The global pandemic that smashed our society last year brought an all-time high case of loneliness. “Addressing mental health and substance use problems in young adults, both during and after the COVID-19 pandemic, is an imperative,” says Viviana Horigian from the University of Miami in Coral Gables, Florida. Her statement is in response to her new study investigating the psychological impact of the coronavirus pandemic on young adults. The study found an alarming increase in loneliness since the arrival of COVID-19.”
Loneliness can lead to many destructive patterns such as alcoholism, drug addictions, and self-harm. Not having a partner to lean on for that constant support and love might also contribute to these behaviors. Instead of diving into these habits, it’s vital to sit back, examine one’s self and figure out what you need to thrive during such a lonely isolated period. Here are a few helpful routines to get yourself out of the ditch of loneliness and find joy in being single.
Meditation is the easiest, cheapest and most effective way of connecting with yourself. For beginners I would suggest using the method of guided meditation. Guided meditation simply means that a “guide,” which can be a person’s voice or the sounds of nature, propel you into the meditation realm. These guided meditations can be found on YouTube, apps on your phone or a store-bought DVD. The easiest guided meditation in my opinion can be found through apps on your phone that are usually free and require only a simple download. Guided meditation helps your anxious thoughts quiet down and allows you to melt into an assisted trip down a soothing path in your mind.
Unguided meditation is also a great way to clear your head space and reset your thoughts. You don’t use a person’s voice or a soothing sound to lead you into unguided meditation, rather you just sit in pure silence. For unguided meditation start out small and simply do five minutes a day. From that stage, continue to add time until you find that sweet spot that suits you best.
Journaling is an excellent venue to expel all of those overbearing, destructive, disheartening emotions that are eating away at you. “Research even shows that expressive writing can help individuals develop more structured, adaptive, and integrated schemes about themselves, others, and the world” (Bailey). One could either buy a physical journal or use word documents on their computer. Some people prefer waking up and journaling right away as the bundle of thoughts are fresh in their mind, while others prefer nighttime when they can decompress and unwind.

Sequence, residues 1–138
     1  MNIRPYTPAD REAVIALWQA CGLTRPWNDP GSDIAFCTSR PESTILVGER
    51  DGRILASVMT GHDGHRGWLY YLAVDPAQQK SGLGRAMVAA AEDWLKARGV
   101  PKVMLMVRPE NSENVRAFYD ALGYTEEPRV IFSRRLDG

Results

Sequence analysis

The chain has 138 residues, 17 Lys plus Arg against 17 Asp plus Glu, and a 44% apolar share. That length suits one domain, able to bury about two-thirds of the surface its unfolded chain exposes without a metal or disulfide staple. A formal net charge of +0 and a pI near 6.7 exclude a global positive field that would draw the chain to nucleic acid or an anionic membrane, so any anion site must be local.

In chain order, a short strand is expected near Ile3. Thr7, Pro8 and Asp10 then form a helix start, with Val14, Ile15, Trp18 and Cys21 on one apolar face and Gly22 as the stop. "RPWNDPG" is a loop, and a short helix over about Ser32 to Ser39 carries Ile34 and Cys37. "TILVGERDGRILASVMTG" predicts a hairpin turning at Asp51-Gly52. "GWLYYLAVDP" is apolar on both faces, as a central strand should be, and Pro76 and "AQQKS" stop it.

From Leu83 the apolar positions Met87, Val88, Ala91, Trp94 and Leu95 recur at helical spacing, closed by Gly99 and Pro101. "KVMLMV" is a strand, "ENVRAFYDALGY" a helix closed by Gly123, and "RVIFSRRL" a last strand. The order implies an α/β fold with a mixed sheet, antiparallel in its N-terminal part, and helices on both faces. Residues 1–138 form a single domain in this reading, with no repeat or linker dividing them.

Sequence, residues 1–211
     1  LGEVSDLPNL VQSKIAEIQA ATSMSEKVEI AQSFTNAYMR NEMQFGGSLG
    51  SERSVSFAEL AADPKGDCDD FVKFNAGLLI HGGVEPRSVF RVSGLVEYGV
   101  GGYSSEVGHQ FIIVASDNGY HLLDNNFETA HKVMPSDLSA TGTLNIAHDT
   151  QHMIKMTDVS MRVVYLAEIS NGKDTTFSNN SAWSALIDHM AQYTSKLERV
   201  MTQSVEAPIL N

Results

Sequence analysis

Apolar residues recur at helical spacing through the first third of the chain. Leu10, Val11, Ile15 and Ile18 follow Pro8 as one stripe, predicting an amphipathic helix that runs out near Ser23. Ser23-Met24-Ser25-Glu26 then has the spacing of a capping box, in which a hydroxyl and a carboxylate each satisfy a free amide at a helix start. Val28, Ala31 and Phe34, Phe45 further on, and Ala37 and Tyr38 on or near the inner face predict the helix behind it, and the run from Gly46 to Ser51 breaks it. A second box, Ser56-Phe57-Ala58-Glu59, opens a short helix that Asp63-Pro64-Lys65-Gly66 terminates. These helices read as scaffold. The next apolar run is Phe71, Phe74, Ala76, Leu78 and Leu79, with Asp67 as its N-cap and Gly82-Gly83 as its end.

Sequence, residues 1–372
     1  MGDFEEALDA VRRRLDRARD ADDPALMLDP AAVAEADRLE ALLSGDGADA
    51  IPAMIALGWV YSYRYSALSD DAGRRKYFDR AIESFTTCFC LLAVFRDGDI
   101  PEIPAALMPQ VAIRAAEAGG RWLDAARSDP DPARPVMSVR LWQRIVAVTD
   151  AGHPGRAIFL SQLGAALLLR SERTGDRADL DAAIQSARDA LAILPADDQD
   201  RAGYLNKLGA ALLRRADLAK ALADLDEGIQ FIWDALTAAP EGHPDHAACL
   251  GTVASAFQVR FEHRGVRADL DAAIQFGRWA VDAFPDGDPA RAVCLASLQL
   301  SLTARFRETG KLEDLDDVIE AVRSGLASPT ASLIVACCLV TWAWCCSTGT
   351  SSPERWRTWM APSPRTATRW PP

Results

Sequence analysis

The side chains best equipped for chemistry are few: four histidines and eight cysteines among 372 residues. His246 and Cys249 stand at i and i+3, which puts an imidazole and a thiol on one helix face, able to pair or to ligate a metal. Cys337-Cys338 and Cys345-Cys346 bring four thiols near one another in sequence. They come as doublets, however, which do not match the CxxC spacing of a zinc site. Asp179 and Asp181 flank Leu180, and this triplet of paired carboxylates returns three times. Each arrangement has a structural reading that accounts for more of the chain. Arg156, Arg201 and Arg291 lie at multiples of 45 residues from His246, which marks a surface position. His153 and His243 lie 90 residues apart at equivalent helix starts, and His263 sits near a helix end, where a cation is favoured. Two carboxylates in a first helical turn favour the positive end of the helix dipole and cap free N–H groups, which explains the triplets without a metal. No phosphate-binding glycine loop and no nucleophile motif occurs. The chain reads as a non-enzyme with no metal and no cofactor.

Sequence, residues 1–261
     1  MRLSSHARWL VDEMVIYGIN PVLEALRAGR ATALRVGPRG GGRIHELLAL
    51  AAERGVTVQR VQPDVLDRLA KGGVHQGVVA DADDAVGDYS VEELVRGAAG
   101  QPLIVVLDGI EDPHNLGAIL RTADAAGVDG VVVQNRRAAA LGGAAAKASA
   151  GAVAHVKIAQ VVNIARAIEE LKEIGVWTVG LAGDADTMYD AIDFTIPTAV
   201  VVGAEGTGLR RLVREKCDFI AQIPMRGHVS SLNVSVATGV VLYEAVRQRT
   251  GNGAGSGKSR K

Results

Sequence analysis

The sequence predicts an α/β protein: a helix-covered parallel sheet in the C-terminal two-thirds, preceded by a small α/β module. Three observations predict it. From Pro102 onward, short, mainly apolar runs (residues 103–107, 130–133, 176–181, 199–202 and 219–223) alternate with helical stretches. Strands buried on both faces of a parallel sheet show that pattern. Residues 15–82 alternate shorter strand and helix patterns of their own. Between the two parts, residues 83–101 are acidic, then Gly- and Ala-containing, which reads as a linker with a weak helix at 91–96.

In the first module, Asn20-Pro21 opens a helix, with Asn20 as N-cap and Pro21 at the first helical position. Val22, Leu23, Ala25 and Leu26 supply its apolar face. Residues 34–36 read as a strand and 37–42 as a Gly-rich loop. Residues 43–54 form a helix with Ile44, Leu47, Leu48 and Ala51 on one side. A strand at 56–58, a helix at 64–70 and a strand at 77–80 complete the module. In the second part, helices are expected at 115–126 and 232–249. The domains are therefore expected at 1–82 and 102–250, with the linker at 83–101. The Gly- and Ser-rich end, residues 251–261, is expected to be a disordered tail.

Even though the pandemic has put a hold on physical touch, you can still facetime, zoom or call your friends and family. Having a solid support system is important in maintaining a healthy, balanced mental state. According to the Mental Health Foundation, “Friendship can play a key role in helping someone live with or recover from a mental health problem and overcome the isolation that often comes with it.”
Learn something new
A great way to use your alone time wisely would be to attain a new skill or try something new. Look up some baking recipes and make a mess in your kitchen. Learn a new language on Duolingo, which is free and can be downloaded on your cell phone. Pick up some knitting needles, watch a few instructional YouTube videos and make some scarves for family and friends. Learning a new skill is a proven mood booster and mind enhancer. “It improves the quality of your life and also deepens the relationships you have. It can boost your self-esteem and give you a sense of purpose. It activates the release of the ‘feel-good’ chemical dopamine in the brain and helps you cope with the stress and strain of everyday life while increasing your energy levels and immunity” (Rodericks).
Alright fellow singles, it is time to take these healthy rituals and incorporate them into your daily routine. Not only will you thrive during this lonely pandemic, but your mental health will skyrocket and you will adapt to a happy life.
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